No niceties for second-term county bosses

Friday, October 23rd, 2020 00:00 |
CoG chair Wycliffe Oparanya (centre) flanked by his colleagues. Photo/PD/File

Noah Cheploen @cheploennoah

The Building Bridges Initiative (BBI) has left second-term governors in a dilemma, after their push for regional governments was omitted in the final report unveiled two days ago.

At least 22 governors, who are serving their final term, had pinned their hopes on the BBI initiated constitutional changes, believing, that it was going to open up more lucrative political positions at the centre such as regional governor.

For instance, Governors Ali Joho (Mombasa) and Amason Kingi (Kilifi) publicly lobbied for the creation of regional governments, in a move seen by political pundits as an attempt by the two leaders to secure a soft-landing once their terms end.

The Constitution limits governors, just like the President to two terms, and this is the predicament that the county bosses are facing after the final BBI report unveiled on Wednesday hang them out to dry.

The Yusuf Haji led BBI committee presented the report to President Uhuru Kenyatta and ODM leader Raila Odinga at the Kisii State Lodge.  However, the document will officially be unveiled at the Bomas of Kenya in Nairobi on Monday.

At the BBI sensitisation rally held at the Mama Ngina Waterfront in Mombasa in January, Governor Kingi read a memorandum on behalf of the Coastal leadership, and a proposal for the creation of regional governments featured prominently.

He said the establishment of regional governments would “speed-up” development, particularly in marginalised areas. He added that this would also go a long way in ensuring that more resources trickle down to the grassroots.

A vocal proponent of BBI, Joho is believed to be eyeing the Coastal regional leadership, although he has occasionally hinted at gunning for presidency.

By the fact that BBI gave the issue of a three-tire government a wide berth, Joho and his senior colleagues in the Council of Governors (CoG), are now finding themselves at crossroads, as the clock ticks towards 2022 general election.

Three-tier government

Apart from Joho and Kingi, other governors serving their final terms are COG chairman Wycliffe Oparanya (Kakamega), Jackson Mandago (Uasin Gishu), Sospeter Ojaamong (Busia), Martin Wambora (Embu) and Paul Chepkwony (Kericho).

Others are Josephat Nanok (Turkana), Mwangi wa Iria (Murang’a), Okoth Obado (Migori), Samuel Tunai (Narok), Alfred Mutua (Machakos), Kivutha Kibwana (Makueni), James Ongwae (Kisii) and Alex Tolgos (Elgeyo Marakwet).

It is worth noting that some of these leaders have already charted their next political paths with Mutua having already launched his 2022 presidential bid.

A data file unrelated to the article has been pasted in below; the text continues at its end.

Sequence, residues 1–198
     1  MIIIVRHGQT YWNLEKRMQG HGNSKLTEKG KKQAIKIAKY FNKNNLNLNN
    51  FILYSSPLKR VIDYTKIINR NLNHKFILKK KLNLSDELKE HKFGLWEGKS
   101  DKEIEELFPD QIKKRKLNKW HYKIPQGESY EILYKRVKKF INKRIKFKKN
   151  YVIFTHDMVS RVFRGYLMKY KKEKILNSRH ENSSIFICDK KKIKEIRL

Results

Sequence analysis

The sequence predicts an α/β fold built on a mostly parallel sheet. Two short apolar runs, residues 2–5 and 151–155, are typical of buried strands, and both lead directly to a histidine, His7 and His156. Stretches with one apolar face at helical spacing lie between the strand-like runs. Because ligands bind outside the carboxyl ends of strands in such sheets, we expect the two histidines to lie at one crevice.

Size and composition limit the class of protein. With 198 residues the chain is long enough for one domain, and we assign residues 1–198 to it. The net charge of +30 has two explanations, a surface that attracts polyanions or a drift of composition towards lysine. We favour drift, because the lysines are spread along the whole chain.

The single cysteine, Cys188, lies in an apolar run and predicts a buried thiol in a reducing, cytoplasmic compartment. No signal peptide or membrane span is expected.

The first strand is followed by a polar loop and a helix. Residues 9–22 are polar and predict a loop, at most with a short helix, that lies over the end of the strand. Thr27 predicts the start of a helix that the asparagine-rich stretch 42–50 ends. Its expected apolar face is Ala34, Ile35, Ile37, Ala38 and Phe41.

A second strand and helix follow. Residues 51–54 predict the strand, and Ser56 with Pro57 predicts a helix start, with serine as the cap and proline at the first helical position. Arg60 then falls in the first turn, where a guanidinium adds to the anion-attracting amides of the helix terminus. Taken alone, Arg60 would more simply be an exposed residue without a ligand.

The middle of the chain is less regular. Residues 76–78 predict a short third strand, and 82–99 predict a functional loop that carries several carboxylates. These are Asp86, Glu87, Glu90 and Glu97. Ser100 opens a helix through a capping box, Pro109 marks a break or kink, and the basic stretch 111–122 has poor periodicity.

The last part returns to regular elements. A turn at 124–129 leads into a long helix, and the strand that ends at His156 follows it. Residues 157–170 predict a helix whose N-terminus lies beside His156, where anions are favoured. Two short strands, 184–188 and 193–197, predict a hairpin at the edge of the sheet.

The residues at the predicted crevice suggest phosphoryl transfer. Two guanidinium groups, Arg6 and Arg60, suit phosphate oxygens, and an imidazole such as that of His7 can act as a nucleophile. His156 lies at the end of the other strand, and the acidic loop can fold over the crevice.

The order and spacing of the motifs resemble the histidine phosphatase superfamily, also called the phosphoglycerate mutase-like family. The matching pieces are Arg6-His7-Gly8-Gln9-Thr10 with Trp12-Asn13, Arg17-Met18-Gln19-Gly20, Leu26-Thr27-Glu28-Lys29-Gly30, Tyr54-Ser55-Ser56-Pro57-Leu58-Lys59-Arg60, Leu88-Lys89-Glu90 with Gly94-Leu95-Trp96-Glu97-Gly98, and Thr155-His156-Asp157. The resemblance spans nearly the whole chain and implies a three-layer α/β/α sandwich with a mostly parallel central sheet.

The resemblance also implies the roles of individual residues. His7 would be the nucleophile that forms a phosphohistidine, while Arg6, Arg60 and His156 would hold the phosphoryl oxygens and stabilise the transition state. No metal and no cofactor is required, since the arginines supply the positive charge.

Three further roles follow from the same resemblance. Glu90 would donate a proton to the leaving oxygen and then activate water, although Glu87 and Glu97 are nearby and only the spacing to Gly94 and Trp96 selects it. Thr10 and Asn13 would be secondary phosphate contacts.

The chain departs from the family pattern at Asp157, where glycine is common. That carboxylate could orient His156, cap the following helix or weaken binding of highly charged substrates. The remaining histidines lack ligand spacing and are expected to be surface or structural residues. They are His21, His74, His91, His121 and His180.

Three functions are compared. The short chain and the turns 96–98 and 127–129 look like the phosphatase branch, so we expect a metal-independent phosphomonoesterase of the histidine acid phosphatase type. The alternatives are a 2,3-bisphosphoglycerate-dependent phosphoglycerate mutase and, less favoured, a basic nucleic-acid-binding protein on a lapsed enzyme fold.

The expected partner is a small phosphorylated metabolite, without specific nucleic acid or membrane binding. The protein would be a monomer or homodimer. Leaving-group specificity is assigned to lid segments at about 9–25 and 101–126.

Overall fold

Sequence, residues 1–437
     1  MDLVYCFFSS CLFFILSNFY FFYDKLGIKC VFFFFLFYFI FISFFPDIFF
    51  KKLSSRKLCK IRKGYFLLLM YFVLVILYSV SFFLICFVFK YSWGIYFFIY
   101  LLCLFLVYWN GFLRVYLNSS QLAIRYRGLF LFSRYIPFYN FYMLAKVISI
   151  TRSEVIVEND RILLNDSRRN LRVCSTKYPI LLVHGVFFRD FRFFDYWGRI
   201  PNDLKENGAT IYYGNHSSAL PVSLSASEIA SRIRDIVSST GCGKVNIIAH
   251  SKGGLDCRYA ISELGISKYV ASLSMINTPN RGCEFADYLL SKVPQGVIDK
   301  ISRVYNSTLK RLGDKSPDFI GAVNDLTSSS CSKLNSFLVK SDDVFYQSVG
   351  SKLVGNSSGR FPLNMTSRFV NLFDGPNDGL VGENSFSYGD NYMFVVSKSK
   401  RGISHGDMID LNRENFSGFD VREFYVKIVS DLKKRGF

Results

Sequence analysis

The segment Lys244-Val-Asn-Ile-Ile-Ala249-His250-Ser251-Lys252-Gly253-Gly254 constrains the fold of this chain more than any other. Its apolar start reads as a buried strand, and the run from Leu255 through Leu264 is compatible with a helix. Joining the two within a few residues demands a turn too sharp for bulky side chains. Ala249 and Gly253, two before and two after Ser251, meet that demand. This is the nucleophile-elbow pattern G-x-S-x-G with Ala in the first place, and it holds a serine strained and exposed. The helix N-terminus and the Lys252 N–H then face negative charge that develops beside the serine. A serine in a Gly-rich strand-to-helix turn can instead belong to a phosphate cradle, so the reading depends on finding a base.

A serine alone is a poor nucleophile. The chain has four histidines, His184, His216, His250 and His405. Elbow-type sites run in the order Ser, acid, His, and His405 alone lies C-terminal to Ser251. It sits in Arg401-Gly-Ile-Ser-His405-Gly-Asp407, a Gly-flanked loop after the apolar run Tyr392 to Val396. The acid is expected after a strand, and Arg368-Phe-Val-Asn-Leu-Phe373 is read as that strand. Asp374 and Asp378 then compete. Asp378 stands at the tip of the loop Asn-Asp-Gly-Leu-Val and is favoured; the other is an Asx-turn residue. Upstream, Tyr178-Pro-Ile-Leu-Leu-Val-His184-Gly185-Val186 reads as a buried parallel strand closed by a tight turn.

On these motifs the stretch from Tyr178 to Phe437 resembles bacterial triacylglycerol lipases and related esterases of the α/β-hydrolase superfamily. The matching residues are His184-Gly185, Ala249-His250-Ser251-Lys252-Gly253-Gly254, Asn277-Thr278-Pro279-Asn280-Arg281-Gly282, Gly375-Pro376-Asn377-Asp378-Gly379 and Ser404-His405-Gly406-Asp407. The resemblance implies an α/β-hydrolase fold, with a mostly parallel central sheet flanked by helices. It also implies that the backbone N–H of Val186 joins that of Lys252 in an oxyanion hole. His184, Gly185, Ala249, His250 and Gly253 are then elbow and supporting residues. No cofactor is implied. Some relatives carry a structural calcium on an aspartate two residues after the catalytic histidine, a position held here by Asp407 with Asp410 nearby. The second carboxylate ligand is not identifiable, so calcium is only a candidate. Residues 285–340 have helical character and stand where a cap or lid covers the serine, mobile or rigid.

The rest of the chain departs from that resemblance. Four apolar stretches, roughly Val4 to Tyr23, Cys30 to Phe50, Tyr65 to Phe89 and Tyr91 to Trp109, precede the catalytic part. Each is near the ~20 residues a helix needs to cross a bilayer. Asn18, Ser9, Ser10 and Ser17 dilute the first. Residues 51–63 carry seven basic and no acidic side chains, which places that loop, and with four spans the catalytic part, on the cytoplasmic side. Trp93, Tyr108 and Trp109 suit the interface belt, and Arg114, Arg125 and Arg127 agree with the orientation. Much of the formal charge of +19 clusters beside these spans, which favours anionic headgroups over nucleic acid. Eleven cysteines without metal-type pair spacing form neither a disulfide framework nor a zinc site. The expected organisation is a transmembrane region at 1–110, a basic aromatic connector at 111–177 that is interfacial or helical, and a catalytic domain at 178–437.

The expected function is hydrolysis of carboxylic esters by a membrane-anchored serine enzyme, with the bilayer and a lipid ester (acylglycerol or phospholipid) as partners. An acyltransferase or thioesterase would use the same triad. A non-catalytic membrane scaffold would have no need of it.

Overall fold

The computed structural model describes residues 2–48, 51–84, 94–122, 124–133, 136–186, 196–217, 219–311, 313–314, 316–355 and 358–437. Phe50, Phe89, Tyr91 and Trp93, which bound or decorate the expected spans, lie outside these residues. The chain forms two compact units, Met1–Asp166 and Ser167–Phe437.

Governor Kibwana and Wa Iria have also declared they are going for the high office.

With a wealth of experience in public service, Oparanya has also declared his interest in the presidency although he is seen as Mr Odinga’s point man in the Western region. 

He has been at the forefront pushing for Luhya unity alongside Devolution Cabinet Secretary Eugene Wamalwa.

“I have heard what you have said, even we in Western Kenya want regional governments,” Oparanya said during the BBI rally in Mombasa. 

The three-tier government has been one of Raila’s pet topics but he seems to have recently abandoned it.

Raila had proposed the establishment of 14 regional governments as contained in the Bomas Draft, saying this will make devolution more effective, adding that counties will just be administrative units under this arrangement.

Wiper leader Kalonzo Musyoka’s proposal that sought to have term limits for governors scrapped came a cropper. 

He argued that it was unfair to limit governors to two terms, saying this was the reason some of them are pushing for another layer of government.

Governor Ojaamong’ has already hinted that he will run for another political seat in 2022 saying he is still strong enough to serve his people. 

“I still have two years left as the governor and I will come back to you in 2022 because I know you are going to support me,” he said in August.

Speaking during a fundraiser in aid of St Teresa of Avila Kwangamoru church in Teso South sub-county, Ojaamong’ said he will remain active in politics past 2022.

“Where do you expect me to go with all the political experience that I have? I will come back and talk to you so that we agree on the direction we will take,” said Ojaamong’. 

“When my term as governor is over, I can even represent my people in Parliament,” said  the governor who served as Amagoro MP for two terms.

Governor Chepkwony is said to be eyeing Kericho senatorial seat while Nanok has also declared that he is going to run for another political seat.

Speaking during Mashujaa Day celebrations at Ekaales Centre in Lodwar three days ago, Nanok dismissed those urging him to retire from politics saying he still has a lot to offer in terms of leadership.

“I want to leave the office of governor on a high note, having given my best for my people, so that they can decide which other seat fits me,” he said, adding: “I will not retire; it is the public to decide.”

Other governors on final stretch are Salim Mvurya (Kwale), Patrick Khaemba (Trans-Nzoia), Cornel Rasanga (Siaya), Moses Lenolkulal (Samburu), John Nyagarama (Nyamira) and Ali Roba (Mandera).

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